Yes, this implies a deep connection with the Divine, but I do not exist solely in a religious bubble of my God and me. I am called to See theOther, and more than that, to Love the Other. When asked what the greatest commandment in the Law was (there were, after all, over 600 Jewish laws!) Jesus responded, “‘Love the Lord your God with all your heart and with all your soul and with all your mind.’This is the first and greatest commandment.And the second is like it: ‘Love your neighbor as yourself.’ All the Law and the Prophets hang on these two commandments.” Matthew 22:36-40 (NIV).
Like I said, it’s about relationships.
I can’t really say when I first heard the word “kin-dom” used in place of kingdom—as in the kin-dom of Godvs. the kingdom of God. What I do know , however, is that I LOVE this image that in God’s realm we are are one family, a beloved community of God’s people.
In the words of Ada Maria Isasi-Diaz, “The word kin-dom makes it clear that when the fullness of God becomes a day-to-day reality in the world at large, we will all be sisters and brothers—kin to each other.”*
But how much more difficult will it be for God’s Kin-dom come, God’s will be done on earth as it is in heaven, when we can’t manage or make time to truly be with one another? What does God’s reign look like when we insist on making life about US?
To be a person of faith, I must look beyond myself—beyond my social media realm, beyond my gallery of selfies, beyond my recent status updates.
I am called by my God to notice the brokenness and injustice in my world and strive to be a vessel of healing. And yet, if I’m obessessly snapping photos of that amazing banana flambe or if my attention is on my phone’s endless stream of data instead of on the person next to me—I just may miss the opportunity to show God’s love by serving others.
People of faith, PUT DOWN your gadgets! Look up. Serve one another. And live into God’s kin-dom come!
*Page 304, “Solidarity: Love of Neighbor in the 1980s,” in Lift Every Voice: Constructing Christian Theologies from the Underside, edited by Susan Brooks Thistlethwaite and Mary Potter Engel, San Francisco: Harper, 1990).
The last time you spoke about someone else (or texted or posted), what words came out of your mouth? In what kind of light did you place her or him? What information did you divulge about this person? And what motivated you to do so in the first place?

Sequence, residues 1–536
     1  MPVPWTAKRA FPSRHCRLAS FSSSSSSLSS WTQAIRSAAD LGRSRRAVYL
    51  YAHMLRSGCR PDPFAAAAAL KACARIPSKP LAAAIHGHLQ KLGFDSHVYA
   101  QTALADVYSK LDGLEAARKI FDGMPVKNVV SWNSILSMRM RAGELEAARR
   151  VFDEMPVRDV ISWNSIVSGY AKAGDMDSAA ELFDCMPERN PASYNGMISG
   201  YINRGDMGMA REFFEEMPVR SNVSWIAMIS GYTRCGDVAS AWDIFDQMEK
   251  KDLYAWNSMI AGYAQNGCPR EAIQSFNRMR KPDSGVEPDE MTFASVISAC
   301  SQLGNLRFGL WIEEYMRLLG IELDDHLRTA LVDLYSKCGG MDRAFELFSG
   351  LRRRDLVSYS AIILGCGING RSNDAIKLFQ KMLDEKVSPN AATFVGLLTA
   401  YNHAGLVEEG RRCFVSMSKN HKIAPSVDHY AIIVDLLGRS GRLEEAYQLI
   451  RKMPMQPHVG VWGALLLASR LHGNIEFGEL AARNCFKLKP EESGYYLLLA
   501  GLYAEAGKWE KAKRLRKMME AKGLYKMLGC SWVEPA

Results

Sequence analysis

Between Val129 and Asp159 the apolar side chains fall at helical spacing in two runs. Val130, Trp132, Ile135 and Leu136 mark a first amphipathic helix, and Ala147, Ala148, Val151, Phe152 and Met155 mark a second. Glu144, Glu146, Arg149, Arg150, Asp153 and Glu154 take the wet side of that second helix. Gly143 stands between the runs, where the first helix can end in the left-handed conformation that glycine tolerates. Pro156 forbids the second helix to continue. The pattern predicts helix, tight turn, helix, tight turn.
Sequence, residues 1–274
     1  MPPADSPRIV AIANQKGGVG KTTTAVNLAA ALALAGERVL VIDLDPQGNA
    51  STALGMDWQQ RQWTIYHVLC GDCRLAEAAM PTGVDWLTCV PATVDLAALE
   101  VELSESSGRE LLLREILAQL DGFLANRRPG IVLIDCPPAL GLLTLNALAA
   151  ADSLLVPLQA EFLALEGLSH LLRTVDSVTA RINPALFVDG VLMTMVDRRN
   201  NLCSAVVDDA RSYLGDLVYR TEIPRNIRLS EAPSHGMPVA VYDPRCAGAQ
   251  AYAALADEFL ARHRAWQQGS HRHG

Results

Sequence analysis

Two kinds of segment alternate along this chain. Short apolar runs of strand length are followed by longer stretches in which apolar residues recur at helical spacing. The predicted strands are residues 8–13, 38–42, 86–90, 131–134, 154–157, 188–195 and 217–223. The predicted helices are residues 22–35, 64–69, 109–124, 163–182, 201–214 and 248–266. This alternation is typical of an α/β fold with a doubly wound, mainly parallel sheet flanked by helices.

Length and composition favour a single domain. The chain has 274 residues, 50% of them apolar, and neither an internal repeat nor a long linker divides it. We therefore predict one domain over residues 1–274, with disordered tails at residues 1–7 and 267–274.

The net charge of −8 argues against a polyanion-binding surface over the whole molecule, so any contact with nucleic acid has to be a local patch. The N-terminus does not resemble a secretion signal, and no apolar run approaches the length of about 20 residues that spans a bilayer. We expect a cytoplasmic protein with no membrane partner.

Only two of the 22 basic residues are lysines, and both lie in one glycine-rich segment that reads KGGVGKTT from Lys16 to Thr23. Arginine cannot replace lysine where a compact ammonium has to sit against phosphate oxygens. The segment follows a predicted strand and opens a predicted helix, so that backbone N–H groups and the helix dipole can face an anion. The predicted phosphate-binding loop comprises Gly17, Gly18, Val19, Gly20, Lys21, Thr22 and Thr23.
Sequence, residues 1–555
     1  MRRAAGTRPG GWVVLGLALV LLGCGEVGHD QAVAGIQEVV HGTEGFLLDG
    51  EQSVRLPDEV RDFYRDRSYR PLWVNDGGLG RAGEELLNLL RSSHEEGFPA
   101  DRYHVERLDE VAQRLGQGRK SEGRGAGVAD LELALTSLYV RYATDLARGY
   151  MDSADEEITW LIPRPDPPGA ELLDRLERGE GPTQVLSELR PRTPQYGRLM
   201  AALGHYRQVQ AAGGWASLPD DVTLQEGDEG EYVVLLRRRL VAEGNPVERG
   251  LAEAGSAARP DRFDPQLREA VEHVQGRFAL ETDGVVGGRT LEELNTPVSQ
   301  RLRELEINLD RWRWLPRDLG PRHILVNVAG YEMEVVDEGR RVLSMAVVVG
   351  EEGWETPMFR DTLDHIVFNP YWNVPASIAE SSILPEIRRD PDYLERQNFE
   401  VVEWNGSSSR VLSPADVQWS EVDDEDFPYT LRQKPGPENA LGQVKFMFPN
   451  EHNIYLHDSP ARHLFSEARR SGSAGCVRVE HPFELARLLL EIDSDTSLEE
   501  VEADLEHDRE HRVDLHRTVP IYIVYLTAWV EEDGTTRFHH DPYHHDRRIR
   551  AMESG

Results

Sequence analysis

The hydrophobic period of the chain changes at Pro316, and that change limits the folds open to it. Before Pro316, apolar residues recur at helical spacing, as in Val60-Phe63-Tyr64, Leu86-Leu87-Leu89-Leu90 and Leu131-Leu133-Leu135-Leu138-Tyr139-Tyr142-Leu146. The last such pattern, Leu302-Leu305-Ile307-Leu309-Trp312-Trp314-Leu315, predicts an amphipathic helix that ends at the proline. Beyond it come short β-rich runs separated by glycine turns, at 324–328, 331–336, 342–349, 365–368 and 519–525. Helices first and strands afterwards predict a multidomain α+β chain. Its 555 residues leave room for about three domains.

In less time than it took for the woman to cut my son’s hair, we learned that her neighbors were from Afghanistan, worked for the government, were “a bit shady” and had a brain-injured relative with an annoying stutter whom she intentionally, of course, avoided.
Her son, who had a child when he was way too young, was worthless and her step-grandson was a delinquent and not to be trusted. It was exhausting listening to her negative ramblings. But as I left the barber shop, I had to admit—I was no saint when it came to speaking about others. I, too, have freely participated in gossip and slander more times than I care to admit. (I suppose I’m doing it even now…)
And what about you?
Are you guilty of sharing information or telling stories about another person that ultimately wasn’t any of your damn business to pass on? Do you enjoy gossiping?
If so…here is your spiritual prescription:
Before you speak, shut your mouth and consider why you are sharing information about another individual.
What purpose does sharing fulfill? Are you sharing because you feel better about yourself when you highlight the faults of others? Do you find humor or satisfaction in the mistakes, shortfalls or foolish tragedies of someone else?
Are you even aware of your words, or like the woman cutting my son’s hair, are you oblivious to your negative tendencies? Or consider this: Are you speaking unkindly of someone else because you are angry with or resentful of this person and actually need to work on forgiveness?
Pay attention to your conversations this week. Before opening your mouth, first consider why you are eager to share. If sharing is motivated by pride, ego, maliciousness, payback or even boredom, don’t do it.
Shut up and move on to another subject.
Would you or your audience be embarrassed if the subject of your conversation overheard you talking about him or her? Would that individual be hurt or embarrassed?
If so, then keep your mouth shut.
Make the effort today (and every day for the rest of your life) to restrain from participating in gossip and slander. It is not what builds a spiritually healthy self and certainly not the definition of a follower of Christ.
Scripture to ponder:
Let there be no more resentment, no more anger or temper, no more violent self-assertiveness, no more slander and no more malicious remarks. Be kind to each other, be understanding. Be as ready to forgive others as God for Christ’s sake has forgiven you.
Ephesians 4:31-32, “The New Testament in Modern English”, J. B. Phillips, 1962 edition by HarperCollins